Objectives: Ultrasound-guided transrectal prostate biopsy is considered the standard procedure for diagnosing prostate cancer. However, minor complications, such as hematuria, hematospermia, and rectal bleeding, as well as clinically significant complications, such as urinary tract infections and acute bacterial prostatitis (ABP) can occur. ABP is an acute disease requiring immediate treatment. The aim of this study was to evaluate the clinical presentation, microbiological profile, antibiotic susceptibility, and treatment of patients with ABP that developed after a transrectal prostate biopsy.
Methods: The records of a total of 3550 patients who underwent an ultrasound-guided transrectal prostate biopsy in the clinic between September 2012 and December 2017 were retrospectively examined. The age, prostate volume, prostate-specific antigen level, number of cores per prostate biopsy, biopsy indications, and urine and blood culture results of those with ABP were recorded.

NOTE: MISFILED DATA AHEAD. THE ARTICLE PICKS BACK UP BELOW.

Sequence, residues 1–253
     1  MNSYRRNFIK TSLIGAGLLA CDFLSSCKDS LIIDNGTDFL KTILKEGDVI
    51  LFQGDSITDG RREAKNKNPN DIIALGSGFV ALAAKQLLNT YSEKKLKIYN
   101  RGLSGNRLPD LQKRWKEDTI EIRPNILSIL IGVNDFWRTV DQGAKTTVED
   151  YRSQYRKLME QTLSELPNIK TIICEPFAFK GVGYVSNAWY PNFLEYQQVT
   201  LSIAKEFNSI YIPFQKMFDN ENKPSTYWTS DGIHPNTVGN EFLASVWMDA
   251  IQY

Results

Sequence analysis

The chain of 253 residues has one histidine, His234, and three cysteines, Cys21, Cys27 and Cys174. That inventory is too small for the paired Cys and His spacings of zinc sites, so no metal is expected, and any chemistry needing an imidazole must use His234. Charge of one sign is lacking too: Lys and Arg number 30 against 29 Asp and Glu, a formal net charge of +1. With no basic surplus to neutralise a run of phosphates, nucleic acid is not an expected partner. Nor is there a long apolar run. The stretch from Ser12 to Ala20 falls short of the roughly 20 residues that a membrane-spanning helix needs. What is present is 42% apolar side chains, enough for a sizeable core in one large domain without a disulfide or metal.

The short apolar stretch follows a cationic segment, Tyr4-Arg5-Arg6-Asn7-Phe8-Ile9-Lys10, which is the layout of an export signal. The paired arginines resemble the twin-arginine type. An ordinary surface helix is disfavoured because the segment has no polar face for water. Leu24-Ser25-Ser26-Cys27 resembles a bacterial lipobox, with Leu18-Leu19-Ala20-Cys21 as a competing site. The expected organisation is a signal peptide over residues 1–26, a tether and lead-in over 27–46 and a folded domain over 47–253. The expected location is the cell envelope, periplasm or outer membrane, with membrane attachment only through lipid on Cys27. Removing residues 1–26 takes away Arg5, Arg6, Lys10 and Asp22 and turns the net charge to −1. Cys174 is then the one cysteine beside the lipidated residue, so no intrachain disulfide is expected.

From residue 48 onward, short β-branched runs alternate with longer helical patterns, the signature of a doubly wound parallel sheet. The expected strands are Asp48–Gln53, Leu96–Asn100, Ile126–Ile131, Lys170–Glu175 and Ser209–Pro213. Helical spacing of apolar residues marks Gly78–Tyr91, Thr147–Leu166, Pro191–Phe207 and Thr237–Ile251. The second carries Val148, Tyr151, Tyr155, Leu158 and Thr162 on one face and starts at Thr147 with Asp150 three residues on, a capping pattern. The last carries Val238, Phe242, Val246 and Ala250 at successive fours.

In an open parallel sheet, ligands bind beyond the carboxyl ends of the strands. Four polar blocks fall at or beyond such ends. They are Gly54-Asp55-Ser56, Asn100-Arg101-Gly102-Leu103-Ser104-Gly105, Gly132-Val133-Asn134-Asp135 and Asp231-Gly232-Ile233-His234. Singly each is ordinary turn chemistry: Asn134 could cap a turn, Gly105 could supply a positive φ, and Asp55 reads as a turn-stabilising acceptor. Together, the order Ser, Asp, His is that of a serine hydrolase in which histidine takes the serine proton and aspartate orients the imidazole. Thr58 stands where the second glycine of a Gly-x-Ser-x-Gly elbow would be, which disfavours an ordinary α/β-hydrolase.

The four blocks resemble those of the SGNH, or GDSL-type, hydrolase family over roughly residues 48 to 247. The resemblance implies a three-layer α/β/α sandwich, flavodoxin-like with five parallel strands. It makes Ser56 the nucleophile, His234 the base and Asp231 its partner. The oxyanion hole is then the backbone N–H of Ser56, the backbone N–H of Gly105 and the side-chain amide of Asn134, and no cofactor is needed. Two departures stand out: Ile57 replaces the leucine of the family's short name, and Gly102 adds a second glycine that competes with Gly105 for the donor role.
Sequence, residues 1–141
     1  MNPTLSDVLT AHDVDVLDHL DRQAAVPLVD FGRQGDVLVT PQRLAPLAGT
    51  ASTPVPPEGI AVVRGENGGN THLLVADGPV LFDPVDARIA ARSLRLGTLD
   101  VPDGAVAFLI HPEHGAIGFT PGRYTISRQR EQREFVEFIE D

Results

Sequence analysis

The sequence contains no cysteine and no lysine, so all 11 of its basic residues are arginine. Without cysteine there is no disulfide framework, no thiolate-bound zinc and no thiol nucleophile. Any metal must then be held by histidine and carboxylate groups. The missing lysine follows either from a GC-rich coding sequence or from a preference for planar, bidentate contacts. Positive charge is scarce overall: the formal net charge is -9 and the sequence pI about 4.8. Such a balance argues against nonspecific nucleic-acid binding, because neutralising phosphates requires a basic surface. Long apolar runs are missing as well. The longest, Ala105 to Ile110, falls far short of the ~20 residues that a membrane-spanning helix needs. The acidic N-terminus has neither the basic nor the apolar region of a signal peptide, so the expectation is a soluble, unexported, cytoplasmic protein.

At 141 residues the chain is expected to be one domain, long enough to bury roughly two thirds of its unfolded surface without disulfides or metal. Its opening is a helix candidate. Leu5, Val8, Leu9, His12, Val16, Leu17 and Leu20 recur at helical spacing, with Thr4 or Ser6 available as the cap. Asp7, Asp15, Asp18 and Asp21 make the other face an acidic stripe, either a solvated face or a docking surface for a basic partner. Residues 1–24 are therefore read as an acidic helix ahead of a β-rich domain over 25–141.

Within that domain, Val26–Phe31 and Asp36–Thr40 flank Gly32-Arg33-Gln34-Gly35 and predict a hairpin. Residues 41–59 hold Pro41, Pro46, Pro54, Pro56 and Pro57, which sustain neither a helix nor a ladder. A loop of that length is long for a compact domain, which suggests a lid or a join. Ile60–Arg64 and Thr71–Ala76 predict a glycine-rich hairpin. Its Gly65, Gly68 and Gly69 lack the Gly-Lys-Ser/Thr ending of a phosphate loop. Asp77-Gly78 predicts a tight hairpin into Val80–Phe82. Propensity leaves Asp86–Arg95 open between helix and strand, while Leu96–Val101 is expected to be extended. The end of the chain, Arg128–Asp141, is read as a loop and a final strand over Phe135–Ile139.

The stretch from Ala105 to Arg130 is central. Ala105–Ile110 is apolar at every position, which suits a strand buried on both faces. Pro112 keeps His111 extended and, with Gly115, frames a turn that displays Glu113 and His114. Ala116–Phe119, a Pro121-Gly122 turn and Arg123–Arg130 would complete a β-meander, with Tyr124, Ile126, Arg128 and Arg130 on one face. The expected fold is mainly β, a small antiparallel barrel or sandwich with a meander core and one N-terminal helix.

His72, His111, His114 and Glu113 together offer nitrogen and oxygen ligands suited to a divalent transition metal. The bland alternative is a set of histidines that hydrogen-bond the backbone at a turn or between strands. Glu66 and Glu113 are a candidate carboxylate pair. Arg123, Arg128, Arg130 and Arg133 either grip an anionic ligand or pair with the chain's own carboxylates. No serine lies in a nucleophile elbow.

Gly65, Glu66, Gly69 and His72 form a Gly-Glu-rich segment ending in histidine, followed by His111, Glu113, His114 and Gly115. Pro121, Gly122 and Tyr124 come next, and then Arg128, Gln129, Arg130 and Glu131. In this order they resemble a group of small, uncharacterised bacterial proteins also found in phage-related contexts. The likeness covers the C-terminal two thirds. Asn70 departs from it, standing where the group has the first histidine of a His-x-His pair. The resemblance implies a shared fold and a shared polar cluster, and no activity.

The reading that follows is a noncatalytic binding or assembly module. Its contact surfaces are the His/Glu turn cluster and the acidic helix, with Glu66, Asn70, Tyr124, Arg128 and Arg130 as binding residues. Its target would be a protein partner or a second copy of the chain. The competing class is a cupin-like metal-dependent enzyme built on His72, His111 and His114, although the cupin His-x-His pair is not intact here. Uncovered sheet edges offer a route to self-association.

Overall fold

Results: Among 3550 patients who had undergone prostate biopsy, ABP developed in 195 (5.4%) following biopsy. Of these, 37 (39.3%) had initiated antibiotherapy treatment elsewhere before admission to this clinic. A positive urine culture was detected in 101 (51.7%) and a positive blood culture in 43 (22%) of the 195 patients diagnosed with ABP. The microorganisms were identified as Escherichia coli (141 patients), Klebsiella spp. (1 patient) and Enterococcus faecalis (2 patients). E. coli was the most common bacteria and was isolated in 98 (97%) of all urine cultures.
Conclusion: In complicated urinary tract infections, clinicians should consider antibiotic resistance patterns, particularly in terms of extended-spectrum beta-lactamase-producing strains, and should make the required changes for the treatment to be successful according to the culture results. To reduce the rate of this complication, frequent use of antibiotics should be avoided in primary healthcare centers.